St. Petersburg, Russia, September 13, 2021
The Russian Orthodox Church held its central event in this year of the 800th anniversary of the birth of the Right-Believing Prince Alexander Nevsky this weekend in St. Petersburg.
Events have been held throughout Russia throughout the year in honor of the great 13th-century saint. Hundreds of thousands venerated relics of St. Alexander Nevsky that were carried in multiple processions across Russia and Belarus for two months earlier this summer.
And yesterday, His Holiness Patriarch Kirill of Moscow and All Russia presided over the Divine Liturgy for the feast of the transfer of the relics of St. Alexander (1724) at St. Alexander Nevsky Cathedral in the northern capital, home to the saint’s relics for the past 300 years.
His Holiness, who also celebrated the 50th anniversary of his elevation to the rank of archimandrite, was concelebrated by more than a dozen hierarchs, including His Eminence Metropolitan Benjamin of the Belarusian Exarchate, His Eminence Metropolitan Vladimir of Chișinău and All Moldova, His Eminence Metropolitan Vikenty of Tashkent and Uzbekistan, and hierarchs from throughout Russia, and a host of priests and deacons, reports the Russian Church press service.
The service was sung by the choir of the clergy of the St. Petersburg Metropolia, the choir of the St. Petersburg Theological Academy, and the choir of the St. Alexander Nevsky Lavra.
In his address on the occasion, Pat. Kirill first recalled the wondrous restoration of the Lavra’s Holy Trinity Cathedral after the state returned it to the Church. And new parishioners are constantly turning to the church and attending services in the cathedral, and “this shows that the Orthodox faith will never disappear from the life of our people. If we have coped with the temptations of the 20th century, then by the grace of God we will cope with other temptations, which, of course, will always arise on the path of a believer, on the path of the Church of Christ.”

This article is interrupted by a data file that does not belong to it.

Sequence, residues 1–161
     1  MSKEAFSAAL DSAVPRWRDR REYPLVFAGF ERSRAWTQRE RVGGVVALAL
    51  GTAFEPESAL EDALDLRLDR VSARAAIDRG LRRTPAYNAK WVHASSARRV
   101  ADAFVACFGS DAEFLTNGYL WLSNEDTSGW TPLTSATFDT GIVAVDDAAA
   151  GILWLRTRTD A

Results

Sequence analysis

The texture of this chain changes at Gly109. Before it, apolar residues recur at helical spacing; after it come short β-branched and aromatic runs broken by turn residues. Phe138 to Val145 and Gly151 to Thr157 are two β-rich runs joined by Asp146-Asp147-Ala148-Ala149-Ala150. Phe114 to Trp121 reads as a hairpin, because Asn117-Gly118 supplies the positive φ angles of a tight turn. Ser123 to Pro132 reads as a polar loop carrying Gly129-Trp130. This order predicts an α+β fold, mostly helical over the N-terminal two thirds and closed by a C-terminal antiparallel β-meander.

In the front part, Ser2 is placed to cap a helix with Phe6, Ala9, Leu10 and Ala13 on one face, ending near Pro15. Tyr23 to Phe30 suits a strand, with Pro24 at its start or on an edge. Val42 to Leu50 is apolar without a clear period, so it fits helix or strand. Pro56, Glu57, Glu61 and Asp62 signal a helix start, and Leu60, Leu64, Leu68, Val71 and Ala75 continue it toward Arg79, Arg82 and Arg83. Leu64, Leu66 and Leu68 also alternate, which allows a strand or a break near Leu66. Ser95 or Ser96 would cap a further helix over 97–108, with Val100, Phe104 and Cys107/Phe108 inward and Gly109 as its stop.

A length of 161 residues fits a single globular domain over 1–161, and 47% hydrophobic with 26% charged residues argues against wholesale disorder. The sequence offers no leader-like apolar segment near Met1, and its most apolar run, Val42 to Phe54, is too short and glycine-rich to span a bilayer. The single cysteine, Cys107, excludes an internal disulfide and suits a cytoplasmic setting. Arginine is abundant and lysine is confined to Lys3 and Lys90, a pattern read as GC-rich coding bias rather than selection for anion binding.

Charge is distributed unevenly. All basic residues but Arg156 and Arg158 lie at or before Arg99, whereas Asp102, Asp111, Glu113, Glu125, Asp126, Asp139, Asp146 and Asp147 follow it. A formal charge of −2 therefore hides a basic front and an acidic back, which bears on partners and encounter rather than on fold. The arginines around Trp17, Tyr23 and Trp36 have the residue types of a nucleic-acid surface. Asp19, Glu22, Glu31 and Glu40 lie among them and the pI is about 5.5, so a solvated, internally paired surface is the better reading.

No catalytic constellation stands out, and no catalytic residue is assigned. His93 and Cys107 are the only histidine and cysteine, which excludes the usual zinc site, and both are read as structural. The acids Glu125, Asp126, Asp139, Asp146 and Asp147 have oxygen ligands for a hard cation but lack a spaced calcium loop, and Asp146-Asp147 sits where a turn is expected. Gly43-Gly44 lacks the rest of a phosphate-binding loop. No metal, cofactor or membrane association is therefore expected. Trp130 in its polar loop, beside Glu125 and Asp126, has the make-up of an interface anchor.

Following the service, His Holiness led a procession with the relics of St. Alexander from the Trinity Cathedral to the nearby Alexander Nevsky Square, where they were placed on a special platform with a canopy.
A moleben was then served to the protector of St. Petersburg, after which the Russian primate addressed all those gathered on the square, speaking about St. Alexander’s ability to combine authority with holiness.
“Many generals have won wars, but they are not canonized. And Prince Alexander lived his life sacredly, without defiling himself in any way, without polluting his radiant clothes with envy, malice, cunning, or greed — nothing that so easily touches the heart and mind of a person in power. That is why we glorify his name for centuries,” he said.